It was at a dinner at Mikla, one of Istanbul’s fanciest restaurants, that we identified a turning point in this city’s restaurant culture, one which might finally favor the informal, traditional and often overlooked local eateries that are the heart, soul and lovely underbelly of this city. In one brief description of an appetizer it was noted that the butter used was sourced from Beşiktaş Kaymakçı. Pando’s butter at Mikla? Worlds collided.
Reading those words, we pictured a future when heavily endowed chefs, like Mikla’s Mehmet Gürs, champion small, local producers like Pando – a dairyman who is one of Istanbul’s most celebrated makers of kaymak – and by doing so ensure the longevity of those small, fragile businesses. At that moment, we were sure that Pando, at least, was protected.
Though Pando – who has earned the love and respect of generations of İstanbullu with a full lifetime of slinging dairy goodness from the same shop in Beşiktaş – may be an institution, he is also a renter. His father was a renter before him, since 1895. The secret to a good kaymak business might be the wealth passed down through generations of his family, but the inheritance included the burden of a landlord-tenant relationship. And this summer, an eviction notice came.
We recently visited Pando’s little shop in the Beşiktaş market to learn more about the situation. We found 92-year-old Pandelli Shestakof, better known as Pando, sitting near the service counter and reveling in memories of the place he has spent his entire life, the neighborhood he was born and raised in. “As a boy, I met Atatürk here in Beşiktaş once. He spoke to me,” said Pando. Fast-forward 30 years. He patted the shattered corner of a marble counter: “This is my reminder of September 6 and 7 [1955, when nationalist violence aimed at minority businesses raged through the neighborhood].” Pando’s shop was looted, the counter broken. He cleaned up, glued the broken pieces together and life went on. Even after it became impossible for him to keep his herd of water buffalo, which had been kept by his family in a pasture in Emirgan since Ottoman times, Pando kept making kaymak from the water buffalo milk of others. His shop was always full of approving customers. On the walls of the shop are photos of Pando’s befezzed forebears and drawings of his cows, framed newspaper clippings featuring Pando sent in from around the world. The interior space of the shop is as much a part of the legacy as the delicious clotted cream covered in honey or even the man himself. The three are inseparable.
Accompanied by lawyer/journalist Berk Çektir, who writes a legal advice column for the English-language paper Today’s Zaman, we quickly got down to the day’s news. The owner of the narrow two-story shop where Pando’s business has been located for almost 120 years wishes to evict and turn the space into a fast-food snack shop (or büfe). Pando has been given until August 15 to vacate. At a quick glance, Berk Bey regretfully admitted that the eviction looked legal. “This is not a pure legal issue,” he said. “This is a question of preserving cultural heritage. This place must continue, somehow.”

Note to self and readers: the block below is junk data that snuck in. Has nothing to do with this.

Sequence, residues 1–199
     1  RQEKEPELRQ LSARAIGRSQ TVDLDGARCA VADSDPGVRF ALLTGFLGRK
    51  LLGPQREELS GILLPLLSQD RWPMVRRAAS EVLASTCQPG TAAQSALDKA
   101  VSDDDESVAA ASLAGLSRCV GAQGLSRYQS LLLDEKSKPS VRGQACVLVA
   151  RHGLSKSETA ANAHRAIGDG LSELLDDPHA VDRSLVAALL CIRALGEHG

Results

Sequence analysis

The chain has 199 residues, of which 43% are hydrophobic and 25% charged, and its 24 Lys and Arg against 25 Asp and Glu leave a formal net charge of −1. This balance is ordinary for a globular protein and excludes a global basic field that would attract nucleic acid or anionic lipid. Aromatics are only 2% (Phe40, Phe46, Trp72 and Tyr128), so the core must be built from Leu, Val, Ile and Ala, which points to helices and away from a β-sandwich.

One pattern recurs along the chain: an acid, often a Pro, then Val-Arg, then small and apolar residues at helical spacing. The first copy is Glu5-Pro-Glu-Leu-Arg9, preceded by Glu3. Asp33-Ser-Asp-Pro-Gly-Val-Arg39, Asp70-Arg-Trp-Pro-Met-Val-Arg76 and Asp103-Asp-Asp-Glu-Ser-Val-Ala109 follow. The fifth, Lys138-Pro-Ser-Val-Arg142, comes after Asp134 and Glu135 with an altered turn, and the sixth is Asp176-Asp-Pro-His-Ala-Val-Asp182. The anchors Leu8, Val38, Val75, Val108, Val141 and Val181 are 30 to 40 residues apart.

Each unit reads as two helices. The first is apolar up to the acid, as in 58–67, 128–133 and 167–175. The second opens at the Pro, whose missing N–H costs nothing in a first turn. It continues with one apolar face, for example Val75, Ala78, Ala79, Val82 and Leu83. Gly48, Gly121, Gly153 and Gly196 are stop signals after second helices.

Pando shrugged and grinned. Yuanna, his wife and business partner, laughed cynically and moved on to a story about pretty young tourists posing for pictures with Pando that morning. Pando chuckled and waved her off. They’ve now seen it all, it would seem.
Pando’s eviction is not one of those messy municipally sponsored projects that have shuttered other Istanbul institutions, like İnci Pastanesi. It is the will of one landlord to replace Pando’s kaymak shop with an enterprise selling gum, cigarettes and hot dogs swimming in red goop. According to a representative from the family, E.M., who has requested that the family name not be used at this time, the evacuation of Pando’s shop stems from an urgent need to renovate this 19th-century storefront. The family’s ultimate concern is with saving the structure, and not necessarily Pando’s business. “After the renovation, we can sit down with Pando and discuss it,” he said. On the deadline of August 15, he said, “I will not send trucks over to empty the place. This is not our family’s style.” But about the chance of an extension, E.M. stated that renovation plans were already in the works and could not easily be postponed. “We are at the end here,” he said.
Pando and his wife are not getting any younger, and there is no next generation to take the family business over, so the kaymak shop is likely going to die with him. But considering everything Pando has been through and what he has offered the neighborhood and beyond, he should be allowed to finish up on his own terms (not that Pando had any plans to go – in fact, he told us that if given an extension on his lease, he would happily keep running the place as is). We believe there is still time to persuade the landlords that their büfe may be a worthy venture – but not at the expense of this Istanbul institution. If you’d like to join us in support of Pando, by all means, come on by for a kaymak as soon as possible.
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